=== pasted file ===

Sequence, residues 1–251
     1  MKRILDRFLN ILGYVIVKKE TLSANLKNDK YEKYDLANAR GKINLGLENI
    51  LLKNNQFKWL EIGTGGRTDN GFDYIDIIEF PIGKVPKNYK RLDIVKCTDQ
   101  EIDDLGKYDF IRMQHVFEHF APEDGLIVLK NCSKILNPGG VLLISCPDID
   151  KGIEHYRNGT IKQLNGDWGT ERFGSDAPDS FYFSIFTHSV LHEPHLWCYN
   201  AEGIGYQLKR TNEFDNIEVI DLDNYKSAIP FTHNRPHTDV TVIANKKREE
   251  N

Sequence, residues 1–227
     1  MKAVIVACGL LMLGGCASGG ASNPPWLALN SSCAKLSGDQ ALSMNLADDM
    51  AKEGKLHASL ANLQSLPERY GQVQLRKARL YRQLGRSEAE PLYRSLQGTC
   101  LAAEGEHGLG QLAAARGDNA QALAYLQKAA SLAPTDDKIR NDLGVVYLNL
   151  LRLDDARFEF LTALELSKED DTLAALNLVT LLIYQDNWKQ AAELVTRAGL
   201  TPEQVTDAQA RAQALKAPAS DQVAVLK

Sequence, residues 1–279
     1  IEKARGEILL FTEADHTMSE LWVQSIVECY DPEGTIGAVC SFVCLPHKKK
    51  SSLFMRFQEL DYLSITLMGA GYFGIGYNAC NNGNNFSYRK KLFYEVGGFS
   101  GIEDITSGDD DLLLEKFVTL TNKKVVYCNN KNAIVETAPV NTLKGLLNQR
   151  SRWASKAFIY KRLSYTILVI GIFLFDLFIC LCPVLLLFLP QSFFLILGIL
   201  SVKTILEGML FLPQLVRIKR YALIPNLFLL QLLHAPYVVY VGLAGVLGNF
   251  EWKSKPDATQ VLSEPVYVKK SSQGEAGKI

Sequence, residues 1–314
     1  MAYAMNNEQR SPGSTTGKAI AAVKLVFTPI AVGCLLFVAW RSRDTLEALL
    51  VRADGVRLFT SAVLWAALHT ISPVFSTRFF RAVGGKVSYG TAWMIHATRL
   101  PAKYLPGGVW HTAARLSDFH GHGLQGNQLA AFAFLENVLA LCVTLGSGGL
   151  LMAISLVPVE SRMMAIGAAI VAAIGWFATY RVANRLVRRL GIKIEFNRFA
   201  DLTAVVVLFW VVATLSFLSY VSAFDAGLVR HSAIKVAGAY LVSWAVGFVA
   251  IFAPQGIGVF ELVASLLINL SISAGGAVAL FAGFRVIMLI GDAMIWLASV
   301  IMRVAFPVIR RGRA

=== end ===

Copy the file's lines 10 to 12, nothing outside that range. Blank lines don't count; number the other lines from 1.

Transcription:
    51  AKEGKLHASL ANLQSLPERY GQVQLRKARL YRQLGRSEAE PLYRSLQGTC
   101  LAAEGEHGLG QLAAARGDNA QALAYLQKAA SLAPTDDKIR NDLGVVYLNL
   151  LRLDDARFEF LTALELSKED DTLAALNLVT LLIYQDNWKQ AAELVTRAGL